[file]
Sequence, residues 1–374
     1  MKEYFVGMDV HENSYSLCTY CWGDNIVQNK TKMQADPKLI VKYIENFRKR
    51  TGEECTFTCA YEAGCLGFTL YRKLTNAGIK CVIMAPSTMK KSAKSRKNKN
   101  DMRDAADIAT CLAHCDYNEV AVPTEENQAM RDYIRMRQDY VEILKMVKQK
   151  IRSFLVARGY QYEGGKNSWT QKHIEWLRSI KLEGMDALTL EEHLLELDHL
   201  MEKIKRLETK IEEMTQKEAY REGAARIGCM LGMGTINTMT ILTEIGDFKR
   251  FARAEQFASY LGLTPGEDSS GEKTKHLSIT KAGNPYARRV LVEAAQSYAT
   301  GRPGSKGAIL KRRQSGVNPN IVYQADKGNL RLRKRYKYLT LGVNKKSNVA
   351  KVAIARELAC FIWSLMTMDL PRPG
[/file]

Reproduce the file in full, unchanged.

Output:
Sequence, residues 1–374
     1  MKEYFVGMDV HENSYSLCTY CWGDNIVQNK TKMQADPKLI VKYIENFRKR
    51  TGEECTFTCA YEAGCLGFTL YRKLTNAGIK CVIMAPSTMK KSAKSRKNKN
   101  DMRDAADIAT CLAHCDYNEV AVPTEENQAM RDYIRMRQDY VEILKMVKQK
   151  IRSFLVARGY QYEGGKNSWT QKHIEWLRSI KLEGMDALTL EEHLLELDHL
   201  MEKIKRLETK IEEMTQKEAY REGAARIGCM LGMGTINTMT ILTEIGDFKR
   251  FARAEQFASY LGLTPGEDSS GEKTKHLSIT KAGNPYARRV LVEAAQSYAT
   301  GRPGSKGAIL KRRQSGVNPN IVYQADKGNL RLRKRYKYLT LGVNKKSNVA
   351  KVAIARELAC FIWSLMTMDL PRPG